Direct Appeal, Fourth District, Utah County The Honorable
Derek P. Pullan No. 150401989
Leonard E. McGee, Peter R. Mifflin, Sandy, for appellant.
Sadé A. Turner, Karmen C. Schmid, Scarlet R. Smith,
Salt Lake City, for appelle.
Associate Chief Justice Lee authored the opinion of the
Court, in which Chief Justice Durrant, Justice Himonas,
Justice Pearce, and Justice Petersen joined.
Associate Chief Justice.
At the outset of the oral argument in our court in this case,
counsel for the appellee presented a quote from the late
Senator John McCain. The quote alludes to the sport of mixed
martial arts as a "dangerous and brutal exercise,"
while then warning of a "sport, more vicious and
cold-blooded, that takes place in Mormon meetinghouses across
this great nation of ours"-"LDS Church
Basketball." This quote, sadly, appears to be a matter
of internet apocrypha. We can find it attributed to a McCain
floor speech on various pages of the world-wide web, but no
such quote appears in the pages of the Congressional Record.
Yet the apocryphal quote conveys an accepted view of
"church ball" among many who have experienced this
phenomenon-an athletic competition acclaimed on some local
t-shirts as "the brawl that begins with prayer."
At least one of the parties to this case seems to see it that
way. Judd Nixon is the plaintiff in a tort suit that arose
out of a basketball game at a meetinghouse of the Church of
Jesus Christ of Latter-day Saints. Nixon sought to recover
damages from the player he viewed as responsible for his
injuries-Edward Clay. The issue on appeal is whether the
district court erred in adopting a "contact sports
exception" in the law of torts. The district court held
that "in bodily contact games . . . participants are
liable for injuries in [a] tort action only if [their]
conduct is such that it is either willful or with a reckless
disregard for the safety of the other player." Applying
this "contact sports exception" to the facts of
this case, the district court determined that Nixon's
injury arose out of conduct that was not willful or reckless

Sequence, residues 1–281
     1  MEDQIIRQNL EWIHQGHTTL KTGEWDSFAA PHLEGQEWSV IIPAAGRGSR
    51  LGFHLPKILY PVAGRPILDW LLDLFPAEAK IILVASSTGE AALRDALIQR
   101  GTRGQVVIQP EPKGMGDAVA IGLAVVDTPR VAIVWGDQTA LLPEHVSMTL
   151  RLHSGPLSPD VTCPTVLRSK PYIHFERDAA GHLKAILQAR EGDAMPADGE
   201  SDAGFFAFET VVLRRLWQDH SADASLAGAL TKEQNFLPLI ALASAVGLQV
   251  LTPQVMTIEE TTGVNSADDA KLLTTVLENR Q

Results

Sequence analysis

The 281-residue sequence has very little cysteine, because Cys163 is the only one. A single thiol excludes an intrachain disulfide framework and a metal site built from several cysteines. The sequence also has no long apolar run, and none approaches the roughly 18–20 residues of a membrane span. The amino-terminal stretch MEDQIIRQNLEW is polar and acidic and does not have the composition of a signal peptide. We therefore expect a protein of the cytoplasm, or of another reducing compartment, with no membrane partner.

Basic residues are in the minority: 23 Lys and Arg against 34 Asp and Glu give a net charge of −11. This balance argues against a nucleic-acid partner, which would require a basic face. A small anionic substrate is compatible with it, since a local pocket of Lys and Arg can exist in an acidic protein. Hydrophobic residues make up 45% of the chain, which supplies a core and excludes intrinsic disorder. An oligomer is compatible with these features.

but was inherent in the game of basketball. On that basis the
district court held that Clay owed no duty to Nixon. And it
granted summary judgment to Clay.
We affirm but on a slightly modified basis. We endorse the
idea of an exception to liability arising out of sports
injuries. But we do not think the exception should turn on
the defendant's state of mind, or be limited just to
contact sports. We instead hold that participants in
any sport are not liable for injuries caused by
their conduct if their conduct was inherent in the sport.
Applying this exception to the facts of this case, we
conclude that Clay's conduct was inherent in the game of
basketball. And we affirm the district court's grant of
summary judgment on this basis.
Judd Nixon and Edward Clay were playing on opposite teams in
a church-sponsored recreational basketball game. Nixon
dribbled the ball down the court to take a shot. Clay pursued
Nixon to try to contest the shot. As Clay approached
Nixon's right side he extended his right arm over
Nixon's shoulder to reach for the ball. Nixon came to a
"jump stop" at the foul line and began his shooting
motion. When Nixon came to this sudden stop, Clay's arm
made contact with Nixon's right shoulder. Nixon then felt
his left knee pop. Both men fell to the ground. The referee
determined that the contact was not intentional and warranted
only a common foul. Nixon unfortunately sustained a serious
knee injury in the collision.
Three years later Nixon filed a complaint alleging that
Clay's negligence caused his knee injury. Clay filed a
motion for summary judgment two years into the litigation.
Clay asked the district court to adopt a "contact sports
exception" recognized in many jurisdictions. And he
argued in the alternative that no jury could find that he
acted negligently based on the undisputed facts.
The district court granted Clay's motion for summary
judgment on both grounds. It adopted a "contact sports
exception" that provides that participants in bodily
contact sports are liable for injuries only when the injuries
are the result of conduct that demonstrates a